When to sell? A guide to using the StockRanks as buy and sell thresholds
I understand that I should buy quality, value, momentum shares and the StockRanks are a good guide to this... but I've still got a major problem when should I sell?
It's a very good question. It's all very well thinking "90+ StockRank shares tend to beat the market" and buying 90+ ranked shares accordingly - but managing a portfolio of shares on this basis poses real questions. The rank for a high ranked share will tend to fall over time, so it's highly likely it will cross below the 90 level within any reasonable investment timeframe - often within weeks or months. When is the right time to sell?
I'll cover two approaches to answering this question using the StockRanks in fully invested portfolios - periodic and threshold rebalancing. I'll introduce some key rules of thumb from a fascinating recent research paper that anyone can apply. What I won't cover is sell rules used by more active strategies - such as stop losses, timing indicators or other fundamental sell signals.
One solution I've long promoted is to use periodic rebalancing which ducks the question of when to sell by waiting till a point in time. The slow moving "NA
PS" investment process buys a portfolio of high ranked shares and rebalances them annually, ignoring any ranking movements in the interim. What tends to happen is that the ranks of the holdings drift downwards as the year progresses. Even at the half year mark you see a significant fall in the average ranking. This year's portfolio has already about 20% of the portfolio below a 55 ranking. But if you are rebalancing annually, you just ignore all this and wait.
I'm working on some research to investigate the optimal rate of rebalancing vs transaction costs which I'll share in future, but in essence annual rebalancing is very hard to beat.
But what if we want a more active approach to sell rules?
The alternative is to use threshold rebalancing. To select a lower StockRank threshold at which to sell shares to free up funds to invest in higher ranked alternatives. Our own staff Investment Club had some discretionary set 'guard rails' within which Club members could pitch shares. We set the buy threshold as a minimum 75 StockRank and a forced sell threshold whenever the StockRank fell below 50. This forced sell rule was unpopular as everyone gets attached to their shares, but saved us from numerous losses. But these rules were set in a very ad-hoc fashion. Couldn't we be more rigorous?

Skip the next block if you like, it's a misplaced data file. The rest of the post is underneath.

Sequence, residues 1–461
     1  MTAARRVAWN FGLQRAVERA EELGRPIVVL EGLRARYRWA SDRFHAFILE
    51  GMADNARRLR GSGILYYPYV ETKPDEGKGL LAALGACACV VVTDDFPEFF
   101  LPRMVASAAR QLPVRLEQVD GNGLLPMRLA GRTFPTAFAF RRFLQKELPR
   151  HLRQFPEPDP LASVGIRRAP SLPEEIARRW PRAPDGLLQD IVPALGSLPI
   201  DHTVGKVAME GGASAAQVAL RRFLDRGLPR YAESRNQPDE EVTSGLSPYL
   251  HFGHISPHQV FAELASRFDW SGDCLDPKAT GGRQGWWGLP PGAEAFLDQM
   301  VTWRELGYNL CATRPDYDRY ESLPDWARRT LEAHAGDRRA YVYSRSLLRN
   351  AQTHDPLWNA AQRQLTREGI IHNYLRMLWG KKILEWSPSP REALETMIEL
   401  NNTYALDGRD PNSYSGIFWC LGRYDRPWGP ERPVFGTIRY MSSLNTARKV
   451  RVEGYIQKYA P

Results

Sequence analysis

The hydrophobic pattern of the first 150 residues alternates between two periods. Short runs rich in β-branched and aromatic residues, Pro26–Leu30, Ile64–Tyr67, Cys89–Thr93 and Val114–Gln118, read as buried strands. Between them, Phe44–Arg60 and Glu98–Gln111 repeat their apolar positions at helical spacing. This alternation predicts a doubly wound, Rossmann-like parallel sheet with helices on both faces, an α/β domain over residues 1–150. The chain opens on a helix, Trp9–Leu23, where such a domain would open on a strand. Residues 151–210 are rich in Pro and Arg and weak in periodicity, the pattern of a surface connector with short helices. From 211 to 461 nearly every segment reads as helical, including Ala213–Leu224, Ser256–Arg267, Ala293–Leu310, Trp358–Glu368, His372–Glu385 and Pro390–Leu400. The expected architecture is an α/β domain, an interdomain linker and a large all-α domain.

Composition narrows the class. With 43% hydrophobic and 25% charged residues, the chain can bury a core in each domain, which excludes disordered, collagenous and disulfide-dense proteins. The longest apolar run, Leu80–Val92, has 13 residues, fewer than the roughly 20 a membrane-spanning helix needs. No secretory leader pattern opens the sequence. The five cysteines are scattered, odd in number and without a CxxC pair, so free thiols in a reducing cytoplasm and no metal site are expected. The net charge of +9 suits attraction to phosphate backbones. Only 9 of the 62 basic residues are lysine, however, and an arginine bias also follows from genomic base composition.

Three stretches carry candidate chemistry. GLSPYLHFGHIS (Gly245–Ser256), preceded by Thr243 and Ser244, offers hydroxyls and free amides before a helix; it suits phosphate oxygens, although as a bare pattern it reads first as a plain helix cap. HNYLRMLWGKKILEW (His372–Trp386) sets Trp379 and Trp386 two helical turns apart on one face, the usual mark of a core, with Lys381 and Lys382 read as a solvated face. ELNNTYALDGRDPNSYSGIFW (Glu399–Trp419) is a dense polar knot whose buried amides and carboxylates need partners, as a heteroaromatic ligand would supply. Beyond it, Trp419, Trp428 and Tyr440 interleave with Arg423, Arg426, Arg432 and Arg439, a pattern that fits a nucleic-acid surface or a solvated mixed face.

While I haven't done the research on our own data yet - I have recently stumbled upon an eye opening research paper titled "Combining Factors" by Christoph Reschenhofer - PhD student at the Vienna Institute for Finance, Banking and Insurance. This is a great read for anyone of a geeky bent. It uses a framework not too dissimilar to the StockRanks and tries to answer these questions based on (essentially) a percentile ranking system.
In essence, and if you don't want to read the whole thing, here is the key rule of thumb:
For smaller cap shares....
Buy at a rank of 92
Sell at a rank of 72
The above rules work for his multi-factor ranking based on Value, Momentum and a couple of Quality factors (profitability and investment) in an equal weighted mix on US stocks. They take transaction costs into account and are optimised to find the exact ranks to maximise the risk/return trade-off (Sharpe Ratio).
For large caps, the rules of thumb increase to...
Buy at a rank of 94
Sell at a rank of 74
But in essence, they aren't that dissimilar. Here is a heatmap that illustrates these numbers for large caps. Let me explain how to read it:
Scan along the horizontal axis for the 'buy' rank.
Scan up the vertical axis for the 'sell' rank.
Green is 'good' - and indicates a positive risk/return tradeoff.
Red is 'bad' and indicates a negative risk/reward tradeoff.
The optimal risk/return thresholds are at the black diamond at 94/74.
Clearly the "rules" above are optimal points in a range of good choices. Purchasing above ~90 and selling at any cutoff down to ~50 does work fine… but returns are optimised at higher sell ranks. If investors want to minimise transaction costs, choosing a lower sell cutoff doesn't lose that much in terms of performance.
Christophe found that the turnover of the portfolio in these cases was about once every 11 months. i.e. not that far off annual rebalancing. But Christophe also found that if you wanted to reduce the turnover further, you could use a filter to only include shares with a momentum rank above 50... this seemed to reduce the turnover dramatically to make the average holding period to 24-36 months. An unusual result.
There's a huge amount in his research paper, and lots to delve into. I am pulling out some rules of thumb above which are based on a different data set to the StockRanks so should be used with caution. These rules also are based on being continuously invested - so the aren't a timing model. Bear market investors beware.
Nonetheless I'm a huge advocate of finding sound rules of thumb and applying them in worlds of uncertainty. The above rules very much align with the kinds of StockRank levels that some of the best investors in the community have mentioned they use to me for optimal performance.
As a last point of note on the 'rules of thumb' topic, and for further reading, I can't recommend enough the work of Gerd Gigerenzer and especially his book "Risk Savvy - How to make good decisions" which is incredibly eye opening for improving choices in health, wealth and other areas of life.